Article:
Technology risk

Published March 4, 2020, 12:00 AM

by manilabulletin_admin

Reynaldo C. Lugtu, Jr.
Reynaldo C. Lugtu, Jr.

The prototype of the SpaceX’s passenger spacecraft, SN1, was undergoing a test when it buckled upon take off and exploded. This prototype was part of Elon Musk’s SpaceXStarship, a ship that it is hoped can one day carry humans to Mars. The explosion happened after one of the tanks on the unmanned vessel filled with liquid nitrogen during a cryogenic pressure test. The fuel tank was a single-point-of-failure risk – a component of a large system that brought the entire system down when it failed.

This is the nature of technology, where risks abound in its development, use, manipulation, integration, and even disposal. Technology risk is any potential for technology failures to disrupt your business. Business disruption happens when the technology failure impacts your customers, employees, processes, and the larger society.

An example is when a self-driving Uber car accidentally hit and killed a woman crossing the street in Arizona in 2019. This is a special type of technology risk called artificial intelligence risk.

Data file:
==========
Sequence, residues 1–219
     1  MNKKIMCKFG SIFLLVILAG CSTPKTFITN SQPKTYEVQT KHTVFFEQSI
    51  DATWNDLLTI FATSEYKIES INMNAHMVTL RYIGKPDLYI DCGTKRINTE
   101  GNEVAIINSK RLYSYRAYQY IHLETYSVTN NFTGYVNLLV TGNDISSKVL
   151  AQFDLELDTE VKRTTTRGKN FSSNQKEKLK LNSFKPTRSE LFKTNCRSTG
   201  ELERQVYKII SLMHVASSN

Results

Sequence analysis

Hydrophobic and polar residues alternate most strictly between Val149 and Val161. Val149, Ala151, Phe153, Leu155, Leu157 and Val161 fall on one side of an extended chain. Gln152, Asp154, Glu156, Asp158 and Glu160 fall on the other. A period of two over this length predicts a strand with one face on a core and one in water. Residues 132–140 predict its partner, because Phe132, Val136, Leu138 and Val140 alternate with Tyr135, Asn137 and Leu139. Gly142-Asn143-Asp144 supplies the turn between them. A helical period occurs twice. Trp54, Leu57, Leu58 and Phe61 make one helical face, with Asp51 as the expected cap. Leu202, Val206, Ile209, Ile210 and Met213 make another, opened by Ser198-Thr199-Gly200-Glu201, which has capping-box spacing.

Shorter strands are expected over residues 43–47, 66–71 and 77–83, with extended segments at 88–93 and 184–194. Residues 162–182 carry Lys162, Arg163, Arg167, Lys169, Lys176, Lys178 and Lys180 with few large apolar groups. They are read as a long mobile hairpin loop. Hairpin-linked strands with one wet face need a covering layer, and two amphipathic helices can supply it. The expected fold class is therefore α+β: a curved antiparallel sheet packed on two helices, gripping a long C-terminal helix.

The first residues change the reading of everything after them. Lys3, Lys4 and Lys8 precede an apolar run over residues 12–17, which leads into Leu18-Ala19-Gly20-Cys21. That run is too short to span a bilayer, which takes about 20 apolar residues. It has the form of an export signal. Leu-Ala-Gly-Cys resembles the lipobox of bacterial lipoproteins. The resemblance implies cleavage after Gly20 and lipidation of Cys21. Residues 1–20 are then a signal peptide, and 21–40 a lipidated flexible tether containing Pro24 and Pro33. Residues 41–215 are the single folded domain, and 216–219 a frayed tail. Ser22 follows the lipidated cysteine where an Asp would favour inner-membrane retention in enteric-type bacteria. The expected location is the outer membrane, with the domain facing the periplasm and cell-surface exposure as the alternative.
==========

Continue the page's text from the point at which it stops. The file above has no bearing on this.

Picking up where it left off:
Another example of technology risk was the mishap that happened to Jollibee in 2014. Rappler reported that “Jollibee Foods Corporation announced that a major IT system change it undertook was to blame for the lack of the popular “Chickenjoy” in some of its stores.The change affected the fastfood giant’s inventory and delivery system, forcing 72 of its stores to close.”

There are several types of technology risks, as outlined by technologist John Spacey published in Simplicable.com., that can result in business losses. This includes the potential forproject failures, operational problems and information security incidents. The following are common types of technology risk.

Architecture Risk – information technology (IT) structures that fail to support operations or projects.

Artificial Intelligence Risks – a special category of risk associated with technologies that learn and self-improve.

Asset Management Risk – failure to control IT assets such as loss of mobile devices.

Audit Risk – the chance that an IT audit will miss things such as security vulnerabilities or legacy risks.